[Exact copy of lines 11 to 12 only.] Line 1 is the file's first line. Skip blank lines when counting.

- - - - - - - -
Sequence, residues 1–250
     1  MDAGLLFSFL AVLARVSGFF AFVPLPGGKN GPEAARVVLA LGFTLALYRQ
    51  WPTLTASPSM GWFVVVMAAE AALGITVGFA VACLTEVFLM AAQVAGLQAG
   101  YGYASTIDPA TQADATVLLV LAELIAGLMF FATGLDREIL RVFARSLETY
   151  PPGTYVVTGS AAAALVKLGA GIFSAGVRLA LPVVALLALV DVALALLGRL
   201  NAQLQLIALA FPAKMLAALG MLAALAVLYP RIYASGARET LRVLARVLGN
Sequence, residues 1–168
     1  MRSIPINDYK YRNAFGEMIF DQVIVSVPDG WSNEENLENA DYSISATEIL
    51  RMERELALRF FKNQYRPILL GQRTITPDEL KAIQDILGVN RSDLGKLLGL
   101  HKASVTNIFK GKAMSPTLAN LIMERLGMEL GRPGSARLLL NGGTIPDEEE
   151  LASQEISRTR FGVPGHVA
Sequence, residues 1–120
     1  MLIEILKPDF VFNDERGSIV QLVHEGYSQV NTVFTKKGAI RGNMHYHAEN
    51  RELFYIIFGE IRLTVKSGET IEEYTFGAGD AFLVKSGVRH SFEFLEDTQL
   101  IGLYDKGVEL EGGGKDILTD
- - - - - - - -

   151  LASQEISRTR FGVPGHVA
Sequence, residues 1–120